Sometimes you’ll have a student that tells you that they don’t really need English for any specific reason, they just really like it and want to improve. That’s totally fine! In fact, this can even be an advantage for you. This allows you to really design a plan and select topics that you think will be interesting for the student and fun for you to teach.

6. My student hasn’t even cracked a smile

While this may seem rude or aggressive, usually it just means that the student doesn’t understand a lot of what you’re saying or that he/she is, again, terrified. Make sure to keep speaking slowly, clearly, and to be even more enthusiastic and smiley than normal. 

TIPDon’t reciprocate with discouraged expressions, it will just make things more awkward! Take a deep breathe and keep smiling 

7. How should I correct my student in our first session?

There are two ways to handle corrections- you can either do them as the student makes mistakes or take some notes and for the last 3-4 minutes of the session you can go through them together.

For a first session, however, try to keep the corrections to a minimum during the student’s introduction. This way you won’t tear down their confidence immediately.

Towards the end of the session you can start giving the student some corrections and see how he/she reacts. 

TIP: There are some students who want to be corrected to improve their accuracy and some who just don’t- that’s okay. You’ll figure out quickly if the student doesn’t have a great desire to speak perfectly, but rather just have time to speak. In these cases, don’t feel like you need to give constant feedback, but make sure to add some notes in the feedback form.

8. What should we talk about?

Focus on your introductions- tell the student about yourself, maybe some interesting facts that might prompt him/her to ask questions. Then listen closely to your student’s introduction and think of some questions you have while he/she is speaking that you can ask when he/she is done. Your students will be most comfortable with personal information so don’t rush them through this part.

Then, ask about their past English experiences and preparation. Have they only studied in school? Taken some courses abroad? This will help you understand their level as well. Move onto their current situation/ what they are doing with their lives. Student? Job seeker? Retired?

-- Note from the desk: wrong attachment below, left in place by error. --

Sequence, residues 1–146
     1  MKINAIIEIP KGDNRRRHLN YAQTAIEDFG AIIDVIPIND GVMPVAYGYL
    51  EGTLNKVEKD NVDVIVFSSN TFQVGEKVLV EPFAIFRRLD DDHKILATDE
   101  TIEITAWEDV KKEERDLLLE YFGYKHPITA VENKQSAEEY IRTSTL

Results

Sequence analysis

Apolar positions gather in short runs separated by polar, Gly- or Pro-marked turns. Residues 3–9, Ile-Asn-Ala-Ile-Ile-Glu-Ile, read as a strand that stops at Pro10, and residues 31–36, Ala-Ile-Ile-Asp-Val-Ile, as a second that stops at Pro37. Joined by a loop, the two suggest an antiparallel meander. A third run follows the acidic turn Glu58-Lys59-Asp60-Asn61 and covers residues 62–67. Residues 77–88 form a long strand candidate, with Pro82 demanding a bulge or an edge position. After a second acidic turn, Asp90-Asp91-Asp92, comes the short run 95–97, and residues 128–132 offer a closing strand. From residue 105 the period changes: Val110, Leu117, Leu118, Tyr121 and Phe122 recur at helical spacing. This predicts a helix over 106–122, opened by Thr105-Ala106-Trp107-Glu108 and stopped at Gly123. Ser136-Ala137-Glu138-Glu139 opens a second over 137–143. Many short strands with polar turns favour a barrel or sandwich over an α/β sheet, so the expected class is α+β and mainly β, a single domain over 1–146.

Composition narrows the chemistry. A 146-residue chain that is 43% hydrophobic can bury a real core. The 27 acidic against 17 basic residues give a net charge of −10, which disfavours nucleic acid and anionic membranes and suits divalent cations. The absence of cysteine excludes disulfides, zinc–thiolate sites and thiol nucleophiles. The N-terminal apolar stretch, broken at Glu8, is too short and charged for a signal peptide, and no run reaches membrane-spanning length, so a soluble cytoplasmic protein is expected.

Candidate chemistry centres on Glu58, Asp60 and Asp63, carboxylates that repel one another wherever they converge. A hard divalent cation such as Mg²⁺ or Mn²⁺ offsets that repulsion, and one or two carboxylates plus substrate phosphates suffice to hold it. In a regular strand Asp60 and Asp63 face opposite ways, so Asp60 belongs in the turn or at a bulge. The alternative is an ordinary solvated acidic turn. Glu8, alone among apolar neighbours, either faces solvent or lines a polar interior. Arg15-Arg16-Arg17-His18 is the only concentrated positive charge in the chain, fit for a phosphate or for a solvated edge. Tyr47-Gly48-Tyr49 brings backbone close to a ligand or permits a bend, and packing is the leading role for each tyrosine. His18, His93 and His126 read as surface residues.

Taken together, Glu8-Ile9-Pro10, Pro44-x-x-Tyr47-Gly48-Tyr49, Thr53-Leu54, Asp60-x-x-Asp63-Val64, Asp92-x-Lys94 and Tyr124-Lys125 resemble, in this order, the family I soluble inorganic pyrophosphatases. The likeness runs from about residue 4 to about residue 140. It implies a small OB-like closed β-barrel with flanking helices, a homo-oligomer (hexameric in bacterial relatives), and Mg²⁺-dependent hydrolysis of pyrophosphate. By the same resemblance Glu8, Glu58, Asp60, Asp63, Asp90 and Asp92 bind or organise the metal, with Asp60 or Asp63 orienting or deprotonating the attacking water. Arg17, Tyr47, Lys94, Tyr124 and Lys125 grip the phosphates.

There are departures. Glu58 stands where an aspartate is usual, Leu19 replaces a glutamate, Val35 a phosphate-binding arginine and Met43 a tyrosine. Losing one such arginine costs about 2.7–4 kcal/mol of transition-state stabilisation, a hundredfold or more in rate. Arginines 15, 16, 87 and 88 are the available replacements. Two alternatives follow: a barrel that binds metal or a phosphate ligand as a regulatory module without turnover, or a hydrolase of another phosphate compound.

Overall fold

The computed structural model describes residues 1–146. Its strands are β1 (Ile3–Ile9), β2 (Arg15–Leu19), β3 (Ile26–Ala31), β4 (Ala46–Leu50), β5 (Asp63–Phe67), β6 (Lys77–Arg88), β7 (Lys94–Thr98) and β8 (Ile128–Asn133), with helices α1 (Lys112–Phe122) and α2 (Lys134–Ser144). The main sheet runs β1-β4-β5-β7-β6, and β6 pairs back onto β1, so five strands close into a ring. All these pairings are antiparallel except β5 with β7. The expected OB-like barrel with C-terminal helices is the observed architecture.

Use this discussion to move into their motivations for learning English and if they have specific goals for your sessions together. Make sure to talk about how you usually structure sessions, how you will address his/her goals, and explain the feedback form.

TIPIf this is the person’s first time ever on Fluentify, spend 2 minutes talking about technical things such as how to use the chat, where to find the feedback form, etc.

9. We can’t connect! Help!  

This is probably one of your biggest fears, which is totally understandable. While you can’t control how good your student’s connection will be, always make sure to do the “Test The Platform” option before you start your sessions so that you can make sure everything is okay from your end. Because there are a number of connection scenarios and steps to take, we have broken them down in another article for you here.

10. Student is late/ doesn’t show

You will absolutely encounter those students who are a few minutes late to every session. Once you know who they are you can just wait patiently for them to get there. However, with new students you can’t be quite sure and you want to make sure the student has a chance to complete at least a part of the session if he/she is running late. In this article we have explained the 8-step process to managing late students and missed sessions.

 

What other concerns do you guys usually have when working with a new student? Let us know!